Let’s get Cornyn’s error right
This weekend, Senator John Cornyn posted a tweet that blew up in his face.
In response to a Tweet criticizing the Supreme Court’s decision overturning Roe v Wade posted by President Barrack Obama — our nation’s first Black president — Cornyn retorted “Now do Plessy vs Ferguson/Brown vs Board of Education.”
Let’s be clear here: most critics of the Tweet are criticizing the wrong thing.
Cornyn is not arguing to reinstate segregation. He is not criticizing the Court’s landmark decision that ended the “separate but equal” doctrine. He is not advocating for a return to an education system that places Black, Hispanic, and white students in different buildings.
The former Texas Attorney General and Associate Justice of the Texas Supreme Court did, however, completely miss the most basic premise of both cases.
In the summer of 1896, the Supreme Court ruled in a 7–1 decision that individual states had the right to segregate (or not segregate) under the flawed rationale that as long as services were “equal,” they could remain “separate.” The Plessy decision is considered one of the lowest moments in the history of the highest court in the land.
There was but one Justice who dissented. Justice John Marshall Harlan, adequately named The Great Dissenter, pointed out the absurdity of the decision by showing that the Louisiana law which segregated coach carts on a train by race allowed Black women on white cars if they were “nurses” or “nannies” to white children. The purpose of the law — and its obvious effect — was to limit the rights of some in some states: to create second-class citizens.
The Great Dissenter essentially argued that the U.S. Constitution should be “color-blind” in matters of law and civil rights and that individual states should not have the power to impede on those rights.
One of my favorite American heroes is Thurgood Marshall. In 1954, Marshall revealed that the evil of the Plessy doctrine was in the separateness it created, not just the obvious inequalities.
Through the baby doll experiment designed by married couple and psychologists, Mamie and Kenneth Clark, Marshall was able to prove that Black students in segregated schools (like in Washing D.C.) had an inherently different and negative outlook of their own race and self-worth in comparison to Black students in non-segregated schools (like in New York ). The study was called the “Emotional Factors in Racial Identification and Preference in Negro Children,” and it revealed that, when given a choice between playing with a white or Black baby doll, young Black kids preferred to play with the white doll. Furthermore, when asked to identify labels for those dolls (which one is the “nice” doll? which one looks “bad?”), Black children applied negative connotations to dolls that look just like them.
“A child accepts as early as six, seven or eight the negative stereotypes about his own group,” the Clarks concluded.
And it was through this powerful study that lawyer and first Black Supreme Court Justice, Thurgood Marshall, was able to convince all 9 justices in the summer of 1954 that allowing different states to create different laws for American children created radically unequal and divergent realities and rights.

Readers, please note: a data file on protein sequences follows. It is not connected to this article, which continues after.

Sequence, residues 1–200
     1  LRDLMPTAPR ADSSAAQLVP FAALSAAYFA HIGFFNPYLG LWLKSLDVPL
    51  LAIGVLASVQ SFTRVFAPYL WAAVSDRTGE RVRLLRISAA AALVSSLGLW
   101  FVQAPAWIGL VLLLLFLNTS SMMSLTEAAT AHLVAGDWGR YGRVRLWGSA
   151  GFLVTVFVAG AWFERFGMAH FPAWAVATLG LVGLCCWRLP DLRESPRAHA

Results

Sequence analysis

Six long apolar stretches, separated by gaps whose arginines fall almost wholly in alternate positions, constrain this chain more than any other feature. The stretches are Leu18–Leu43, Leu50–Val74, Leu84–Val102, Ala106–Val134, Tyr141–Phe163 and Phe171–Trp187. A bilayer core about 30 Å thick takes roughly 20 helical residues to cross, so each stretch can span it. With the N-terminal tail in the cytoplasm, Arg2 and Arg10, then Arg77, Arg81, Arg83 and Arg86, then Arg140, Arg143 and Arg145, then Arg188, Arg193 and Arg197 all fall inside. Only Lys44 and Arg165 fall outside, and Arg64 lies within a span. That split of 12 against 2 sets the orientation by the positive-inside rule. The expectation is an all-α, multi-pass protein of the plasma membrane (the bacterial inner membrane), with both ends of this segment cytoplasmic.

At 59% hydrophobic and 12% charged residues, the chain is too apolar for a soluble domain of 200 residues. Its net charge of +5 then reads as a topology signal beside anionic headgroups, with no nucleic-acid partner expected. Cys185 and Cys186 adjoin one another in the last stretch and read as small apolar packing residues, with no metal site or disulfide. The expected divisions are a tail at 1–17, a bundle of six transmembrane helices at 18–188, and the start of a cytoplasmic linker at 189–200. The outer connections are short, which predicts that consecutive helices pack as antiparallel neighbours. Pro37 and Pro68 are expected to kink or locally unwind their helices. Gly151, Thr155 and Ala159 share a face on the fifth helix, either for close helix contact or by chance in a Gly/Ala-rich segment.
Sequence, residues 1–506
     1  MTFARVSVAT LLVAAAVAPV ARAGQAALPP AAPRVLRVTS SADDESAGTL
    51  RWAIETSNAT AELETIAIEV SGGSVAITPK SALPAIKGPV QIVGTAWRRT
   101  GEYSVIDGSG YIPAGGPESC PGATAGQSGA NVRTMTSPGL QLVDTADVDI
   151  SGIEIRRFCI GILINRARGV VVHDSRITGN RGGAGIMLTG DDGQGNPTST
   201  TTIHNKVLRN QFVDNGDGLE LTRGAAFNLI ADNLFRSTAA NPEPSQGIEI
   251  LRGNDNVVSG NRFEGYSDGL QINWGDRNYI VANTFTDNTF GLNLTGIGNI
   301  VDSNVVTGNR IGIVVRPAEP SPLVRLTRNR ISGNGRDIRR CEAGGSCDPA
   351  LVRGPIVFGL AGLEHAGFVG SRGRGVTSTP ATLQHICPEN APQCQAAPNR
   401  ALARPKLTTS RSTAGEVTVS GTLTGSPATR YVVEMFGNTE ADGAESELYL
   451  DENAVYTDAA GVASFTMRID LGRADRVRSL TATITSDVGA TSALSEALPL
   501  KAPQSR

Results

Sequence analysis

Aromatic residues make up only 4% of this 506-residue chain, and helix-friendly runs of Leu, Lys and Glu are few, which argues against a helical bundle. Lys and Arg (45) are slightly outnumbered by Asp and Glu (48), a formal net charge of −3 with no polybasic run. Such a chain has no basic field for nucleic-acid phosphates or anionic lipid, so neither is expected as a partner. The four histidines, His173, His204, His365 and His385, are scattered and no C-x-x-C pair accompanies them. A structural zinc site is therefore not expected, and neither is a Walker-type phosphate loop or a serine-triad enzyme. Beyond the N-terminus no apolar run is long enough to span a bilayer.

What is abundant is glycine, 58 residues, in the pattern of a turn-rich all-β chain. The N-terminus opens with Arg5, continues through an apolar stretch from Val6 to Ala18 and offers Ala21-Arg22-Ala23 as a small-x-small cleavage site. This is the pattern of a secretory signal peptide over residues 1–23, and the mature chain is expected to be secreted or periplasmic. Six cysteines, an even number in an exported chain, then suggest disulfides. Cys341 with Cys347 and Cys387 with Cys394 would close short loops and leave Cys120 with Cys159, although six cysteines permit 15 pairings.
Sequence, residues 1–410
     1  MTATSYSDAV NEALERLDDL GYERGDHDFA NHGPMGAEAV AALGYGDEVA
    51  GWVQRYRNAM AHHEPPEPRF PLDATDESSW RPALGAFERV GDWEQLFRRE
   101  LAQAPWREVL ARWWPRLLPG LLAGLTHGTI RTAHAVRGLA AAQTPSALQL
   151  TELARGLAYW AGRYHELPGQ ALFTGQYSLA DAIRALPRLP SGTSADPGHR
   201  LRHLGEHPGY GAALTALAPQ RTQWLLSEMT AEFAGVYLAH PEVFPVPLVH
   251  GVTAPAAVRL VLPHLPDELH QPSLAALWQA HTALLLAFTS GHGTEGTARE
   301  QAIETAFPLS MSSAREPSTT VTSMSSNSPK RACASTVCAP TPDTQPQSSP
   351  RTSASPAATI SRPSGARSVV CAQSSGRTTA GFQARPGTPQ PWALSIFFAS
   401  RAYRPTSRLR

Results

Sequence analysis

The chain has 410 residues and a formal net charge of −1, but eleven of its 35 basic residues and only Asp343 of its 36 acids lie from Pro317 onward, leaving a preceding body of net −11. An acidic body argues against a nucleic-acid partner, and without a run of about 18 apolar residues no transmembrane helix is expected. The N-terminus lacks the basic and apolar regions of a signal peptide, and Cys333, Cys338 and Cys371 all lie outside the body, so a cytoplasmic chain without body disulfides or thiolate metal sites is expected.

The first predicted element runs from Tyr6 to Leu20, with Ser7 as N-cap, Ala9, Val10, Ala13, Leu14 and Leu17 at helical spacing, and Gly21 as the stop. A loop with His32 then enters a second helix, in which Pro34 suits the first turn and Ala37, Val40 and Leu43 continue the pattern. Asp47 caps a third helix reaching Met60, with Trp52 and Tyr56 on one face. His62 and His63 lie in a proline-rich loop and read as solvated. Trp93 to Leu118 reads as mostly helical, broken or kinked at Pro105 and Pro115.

See, allowing individual states to manipulate our most basic freedoms and opportunities never works out great for some of us, right? And that’s why Brown v. Board of Education changed America forever — from classrooms to courtrooms to cinemas — because it provided a federal protection of equality. It created a federal standard for access to services. It guaranteed federal freedoms so that your zip code didn’t determine your liberties.
So it is laughable for Senator Cornyn to try to draw some parallel between this Friday’s Dobbs case — which establishes two Americas where people are more free in some zip codes and less free in others — to Brown, which destroyed a state’s right to oppress certain citizens.
It is laughable for the Texas senator to ignore that Plessy took away rights while Roe v Wade protected and expanded them.
It is embarrassing that a former lawyer would make such an egregious analogy in hopes of making the point that some judicial precedents should be overturned.
When all 9 Justices rightfully struck down the law that allowed racist states to demean Black Americans, they understood that basic human rights cannot be left up to the radical whims of state legislatures. Six Justices today ignored that precedent and, instead, allowed gerrymandered and extremist state legislatures to create second class citizens. They’ve allowed our zip codes to determine our freedom and right to privacy.
And they did so after lying under oath in front of the United States Senate when they promised they understood that precedent. When they affirmed that Roe was established law, they lied to our senators in order to gain a seat on the bench of highest court, and they lied to the American people.
Shame on Senator Cornyn for misrepresenting the basic premise of one of America’s most shining moments of justice in Brown v. Board of Education. Shame on his support of school vouchers which would steal from our public schools — funded by and overseen by the public — to give to separate private institutions who are not accountable to public tax payers at all. Shame on his support of Justices who lied and ignored stare decisis and judicial precedent. Shame on his attacks of people’s right to privacy in the most dear and dangerous medical decisions we can make in our lifetimes.
But Senator Cornyn isn’t a segregationist.
He’s just stupid.